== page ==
4. Use Multiple Techniques To Support Your Data

To reiterate our last tip, your data is the evidence behind your argument. Your reviewers need to find your data compelling enough to believe in your cause, so how can you make your findings believable? Consider using multiple techniques that return the same measurements – this will help to confirm your data is true and correct. Presenting structural information? Try using NMR and X-ray crystallography to confirm the structures of your molecules. If you’re using ITC or BLI to measure your binding interactions, consider supplementing with surface plasmon resonance as well. If you can verify the data using different techniques, it will be very challenging for someone to critique your findings!

5. Publish Quantitative Data With Surface Plasmon Resonance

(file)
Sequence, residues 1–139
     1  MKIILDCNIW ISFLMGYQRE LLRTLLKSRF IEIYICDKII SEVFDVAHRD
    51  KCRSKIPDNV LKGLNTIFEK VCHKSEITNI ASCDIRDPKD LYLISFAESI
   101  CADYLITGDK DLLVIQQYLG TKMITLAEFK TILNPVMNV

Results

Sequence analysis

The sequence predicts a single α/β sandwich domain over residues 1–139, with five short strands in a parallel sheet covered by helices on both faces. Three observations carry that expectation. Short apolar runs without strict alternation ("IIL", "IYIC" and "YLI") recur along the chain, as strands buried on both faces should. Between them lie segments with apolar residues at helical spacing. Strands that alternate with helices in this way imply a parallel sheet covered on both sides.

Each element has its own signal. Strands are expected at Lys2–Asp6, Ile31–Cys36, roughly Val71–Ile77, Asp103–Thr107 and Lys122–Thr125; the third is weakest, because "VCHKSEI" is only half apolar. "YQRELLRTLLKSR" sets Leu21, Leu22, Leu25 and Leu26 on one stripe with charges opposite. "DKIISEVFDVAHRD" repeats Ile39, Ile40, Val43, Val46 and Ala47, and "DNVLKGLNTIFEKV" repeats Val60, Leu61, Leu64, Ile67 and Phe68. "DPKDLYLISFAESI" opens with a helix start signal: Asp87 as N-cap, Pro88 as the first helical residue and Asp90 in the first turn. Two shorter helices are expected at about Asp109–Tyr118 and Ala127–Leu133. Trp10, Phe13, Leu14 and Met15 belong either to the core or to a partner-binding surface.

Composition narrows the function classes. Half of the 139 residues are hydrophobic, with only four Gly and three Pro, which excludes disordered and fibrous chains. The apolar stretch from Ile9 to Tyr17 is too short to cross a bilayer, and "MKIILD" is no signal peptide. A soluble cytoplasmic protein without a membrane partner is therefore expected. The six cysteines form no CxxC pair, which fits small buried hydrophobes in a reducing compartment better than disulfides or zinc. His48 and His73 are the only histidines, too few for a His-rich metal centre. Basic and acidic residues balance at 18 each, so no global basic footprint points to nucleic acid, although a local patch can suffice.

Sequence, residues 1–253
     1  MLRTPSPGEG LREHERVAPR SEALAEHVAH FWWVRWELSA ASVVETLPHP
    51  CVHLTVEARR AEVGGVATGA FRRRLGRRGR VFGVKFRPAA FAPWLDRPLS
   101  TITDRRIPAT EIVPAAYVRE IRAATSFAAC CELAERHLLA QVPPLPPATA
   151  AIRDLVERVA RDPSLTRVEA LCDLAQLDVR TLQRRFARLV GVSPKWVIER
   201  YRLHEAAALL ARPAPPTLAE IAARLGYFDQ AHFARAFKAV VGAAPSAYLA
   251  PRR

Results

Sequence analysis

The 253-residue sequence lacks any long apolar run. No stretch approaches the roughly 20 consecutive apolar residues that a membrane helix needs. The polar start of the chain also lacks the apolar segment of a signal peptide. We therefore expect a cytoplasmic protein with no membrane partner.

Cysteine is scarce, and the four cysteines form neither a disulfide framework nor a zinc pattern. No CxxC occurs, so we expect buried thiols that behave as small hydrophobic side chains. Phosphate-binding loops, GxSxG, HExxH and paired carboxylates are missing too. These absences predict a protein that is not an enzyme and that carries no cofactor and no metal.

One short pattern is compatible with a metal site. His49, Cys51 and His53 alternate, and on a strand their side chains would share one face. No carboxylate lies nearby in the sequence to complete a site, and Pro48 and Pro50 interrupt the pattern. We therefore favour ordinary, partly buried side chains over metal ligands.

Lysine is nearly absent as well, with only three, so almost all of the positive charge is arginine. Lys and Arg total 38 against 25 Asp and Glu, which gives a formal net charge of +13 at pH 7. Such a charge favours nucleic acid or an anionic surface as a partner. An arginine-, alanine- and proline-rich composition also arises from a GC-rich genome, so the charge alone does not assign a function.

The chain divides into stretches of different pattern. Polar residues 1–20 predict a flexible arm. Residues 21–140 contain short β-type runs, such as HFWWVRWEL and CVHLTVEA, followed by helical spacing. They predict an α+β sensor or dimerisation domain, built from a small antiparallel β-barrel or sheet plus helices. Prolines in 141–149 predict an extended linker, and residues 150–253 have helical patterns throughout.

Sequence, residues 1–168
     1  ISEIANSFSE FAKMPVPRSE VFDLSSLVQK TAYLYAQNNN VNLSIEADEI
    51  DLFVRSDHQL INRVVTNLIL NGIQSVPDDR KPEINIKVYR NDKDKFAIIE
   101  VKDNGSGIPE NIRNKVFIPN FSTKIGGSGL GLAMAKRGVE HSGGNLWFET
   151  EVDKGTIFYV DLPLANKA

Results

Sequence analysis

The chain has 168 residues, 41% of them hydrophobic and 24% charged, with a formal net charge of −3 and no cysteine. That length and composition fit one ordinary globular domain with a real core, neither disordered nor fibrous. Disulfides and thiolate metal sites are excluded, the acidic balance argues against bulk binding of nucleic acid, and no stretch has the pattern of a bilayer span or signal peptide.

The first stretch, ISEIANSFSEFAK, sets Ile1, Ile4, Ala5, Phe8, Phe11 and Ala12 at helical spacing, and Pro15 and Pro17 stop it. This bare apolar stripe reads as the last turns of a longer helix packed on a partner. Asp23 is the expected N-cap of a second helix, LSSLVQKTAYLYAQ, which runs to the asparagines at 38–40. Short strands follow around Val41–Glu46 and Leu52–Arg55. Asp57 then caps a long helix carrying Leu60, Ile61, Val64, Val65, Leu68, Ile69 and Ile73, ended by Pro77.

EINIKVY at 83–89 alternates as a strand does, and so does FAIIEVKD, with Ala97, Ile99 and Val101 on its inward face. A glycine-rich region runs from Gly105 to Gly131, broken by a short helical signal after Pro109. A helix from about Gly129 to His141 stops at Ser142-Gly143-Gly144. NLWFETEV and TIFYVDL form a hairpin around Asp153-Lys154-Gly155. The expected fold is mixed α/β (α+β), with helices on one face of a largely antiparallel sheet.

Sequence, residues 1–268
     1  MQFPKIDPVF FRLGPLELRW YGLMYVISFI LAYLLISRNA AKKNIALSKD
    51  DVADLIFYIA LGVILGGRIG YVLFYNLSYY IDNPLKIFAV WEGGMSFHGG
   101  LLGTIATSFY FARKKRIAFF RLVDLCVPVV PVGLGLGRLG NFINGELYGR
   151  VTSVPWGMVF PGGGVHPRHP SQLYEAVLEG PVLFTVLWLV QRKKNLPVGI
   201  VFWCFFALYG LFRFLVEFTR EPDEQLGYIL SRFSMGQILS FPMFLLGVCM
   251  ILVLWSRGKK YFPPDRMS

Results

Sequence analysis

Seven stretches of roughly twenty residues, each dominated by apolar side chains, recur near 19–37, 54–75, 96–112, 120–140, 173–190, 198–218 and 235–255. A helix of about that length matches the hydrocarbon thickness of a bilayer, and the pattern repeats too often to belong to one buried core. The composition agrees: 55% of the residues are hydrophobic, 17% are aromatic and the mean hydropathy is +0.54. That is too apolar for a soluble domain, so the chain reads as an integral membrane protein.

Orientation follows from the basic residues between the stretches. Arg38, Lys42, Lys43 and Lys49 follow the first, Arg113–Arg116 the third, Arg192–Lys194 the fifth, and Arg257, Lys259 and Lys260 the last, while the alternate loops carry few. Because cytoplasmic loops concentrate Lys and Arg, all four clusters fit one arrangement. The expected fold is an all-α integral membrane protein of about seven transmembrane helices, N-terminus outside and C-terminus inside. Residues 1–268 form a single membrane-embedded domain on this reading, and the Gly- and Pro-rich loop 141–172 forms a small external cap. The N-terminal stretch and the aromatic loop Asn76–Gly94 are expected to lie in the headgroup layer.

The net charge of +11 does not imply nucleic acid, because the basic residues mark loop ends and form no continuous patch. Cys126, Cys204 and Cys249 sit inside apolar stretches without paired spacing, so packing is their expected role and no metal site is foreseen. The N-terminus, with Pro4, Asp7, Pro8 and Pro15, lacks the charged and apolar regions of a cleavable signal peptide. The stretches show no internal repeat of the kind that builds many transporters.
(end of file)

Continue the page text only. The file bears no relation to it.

At this point, it’s clear that the data you present can be the deciding factor between acceptance and rejection from a prestigious journal. So, what type of data are reviewers looking for? More and more reviewers are asking for quantitative kinetics data for binding interactions. Luckily, surface plasmon resonance provides the on rate, off rate, and overall affinity of your interactions in real-time and without the use of labels. We’ve noticed a 51% increase in publications using SPR over the last ten years alone shown in Figure 1. With the OpenSPR, SPR instrumentation has never been more accessible to academic researchers. With the help of our Customer Success Scientists, you’re guaranteed to get the data your reviewers have been waiting for! Just ask Stasevich et al. who recently published in Nature Communications and used the OpenSPR to characterize the high-affinity interaction between an antibody probe and its target epitope, helping to improve imaging in live cells.